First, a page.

Not only will this home be again occupied by a family, but it is making history as the first net-zero home in the City of Pittsburgh.  A net-zero home means you will not have an electric bill (unless you waste power).  East Liberty Development Inc. is having a contractor remodel the home.  It will sell for $275,000, which is on the expensive side for Pittsburgh.  However, it is a three-story Colonial Revival so you are getting a nice-sized home for the money.  East Liberty Development Inc. has renovated 155 homes in East Liberty and it has made a huge difference.

Energy efficiency is important when renovating older homes.  The current project will feature solar panels which will also heat water.  The yearly heating bill is expected to be $215 dollars.  The electric bill is expected to be zero.  If any excess power is generated it can be sold back to Duquesne Light for a credit on the homeowner’s bill.  There is no energy storage so the home is hooked up to Duquesne Light and will have a monthly service fee in the event no excess power is generated to cover the fee.

A boiler will provide radiant heat under the first floor and in baseboard radiators on the second and third floors.  A heat recovery ventilator will be installed that exchanges air without using energy.  This will be combined with a special insulation package that is designed to maximize heating efficiency.  The paint will be VOC free and the home will also collect and store rain water.

If this project goes well and the home sells, more will follow.

What Does A City Do With 2,000 Acres Of Blighted Riverfront Land? If You Are Pittsburgh, You Redevelop The Heck Out Of It!

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Always progressive Pittsburgh and its young mayor have come up with an amazing 20-year master plan to redevelop a 2,000 acre section of riverfront property along the Allegheny River.  Egad you say!  How does one go about doing that???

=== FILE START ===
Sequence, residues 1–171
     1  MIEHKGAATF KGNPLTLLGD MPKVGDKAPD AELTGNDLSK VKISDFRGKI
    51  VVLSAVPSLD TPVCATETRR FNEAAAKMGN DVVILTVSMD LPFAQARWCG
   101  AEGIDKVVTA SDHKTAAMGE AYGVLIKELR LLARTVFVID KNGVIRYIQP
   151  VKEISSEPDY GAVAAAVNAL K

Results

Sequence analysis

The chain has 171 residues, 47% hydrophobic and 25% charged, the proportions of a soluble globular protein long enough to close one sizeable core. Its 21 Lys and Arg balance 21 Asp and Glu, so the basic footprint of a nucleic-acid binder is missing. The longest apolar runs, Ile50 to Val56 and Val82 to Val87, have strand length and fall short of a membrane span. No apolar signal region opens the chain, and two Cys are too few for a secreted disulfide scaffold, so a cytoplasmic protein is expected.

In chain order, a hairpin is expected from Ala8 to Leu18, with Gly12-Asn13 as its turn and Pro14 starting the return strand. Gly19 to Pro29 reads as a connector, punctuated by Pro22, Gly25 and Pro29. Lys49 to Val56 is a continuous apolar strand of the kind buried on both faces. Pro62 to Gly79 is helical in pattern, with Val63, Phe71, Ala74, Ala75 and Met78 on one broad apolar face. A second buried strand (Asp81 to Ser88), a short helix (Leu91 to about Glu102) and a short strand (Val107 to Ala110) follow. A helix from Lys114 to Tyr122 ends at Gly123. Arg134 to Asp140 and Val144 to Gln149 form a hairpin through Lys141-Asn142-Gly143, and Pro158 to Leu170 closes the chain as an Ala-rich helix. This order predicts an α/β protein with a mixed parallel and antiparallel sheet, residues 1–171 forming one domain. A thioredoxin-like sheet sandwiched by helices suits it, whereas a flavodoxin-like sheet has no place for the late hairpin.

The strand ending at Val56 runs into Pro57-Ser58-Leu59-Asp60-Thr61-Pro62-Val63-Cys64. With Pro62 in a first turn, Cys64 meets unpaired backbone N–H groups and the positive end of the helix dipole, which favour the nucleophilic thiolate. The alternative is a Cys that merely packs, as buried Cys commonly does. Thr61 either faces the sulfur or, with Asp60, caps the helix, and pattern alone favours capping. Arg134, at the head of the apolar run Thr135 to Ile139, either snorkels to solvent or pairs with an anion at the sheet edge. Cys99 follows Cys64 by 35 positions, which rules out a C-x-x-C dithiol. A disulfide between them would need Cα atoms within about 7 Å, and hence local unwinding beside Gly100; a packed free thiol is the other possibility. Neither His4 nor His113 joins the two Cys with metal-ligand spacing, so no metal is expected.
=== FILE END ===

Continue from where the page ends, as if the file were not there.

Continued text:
Take an enormous swatch of rust-belt wasteland, add a heapin’ helpin’ of housing, business, industry, transportation and a complete environmental makeover and you have a master plan.  The 77-page document was developed over two years with input from property and business owners, residents, community leaders and nonprofit organizations.  Create a dialogue; build a consensus and a result will emerge (sounds like our newest Planning Commission member’s philosophy).

This plan incorporates affordable family housing, green technology, new industries, walkable communities and the strengthening of transportation to increase a sense of community.  Pittsburgh is already one of America’s greenest cities and most livable cities.  Adding commuter rail, a circulator trolley and a “green boulevard” right down the middle are all part of the plan.

The project will rely mostly on private investment, instead of looking for handouts from the state and federal government.  What this should tell you is that Pittsburgh has progressed beyond the point of being subsidized and can generate enough buzz and interest in projects from their own community, outside investors and banks to finance them.  This is a tremendous sign of health.  I heard this same message from Mayor Chris Doherty when I toured Scranton.

Apartments, office buildings and parking garages, along with more adaptive reuse projects like the conversion of the old Armstrong Cork factory into condos, are all envisioned as part of this redevelopment plan.  Currently much of the land is empty warehouses, parking lots and weeds. In many places the river is obscured from view and/or inaccessible.  The land is mostly considered worthless because of its current blighted state.  Environmental improvements, restoring the riverfront, tree planting, stormwater containment and LEED certified buildings are all included.

This is what Pottstown needs to do.  A long-range plan needs to be formulated and put into place.  There is movement in this direction, but a comprehensive plan, that includes these kinds of features, with input from many stakeholders, needs to be drawn up and executed.

Just to give you an idea of how big 2,000 acres is.  Pottstown is about 5 square miles which converts to 3,200 acres.  The City of Pittsburgh is roughly 55 square miles which converts to 35,200 acres.  This project will redevelop about 5 1/2 percent of the total land area of the City of Pittsburgh.  Mighty impressive!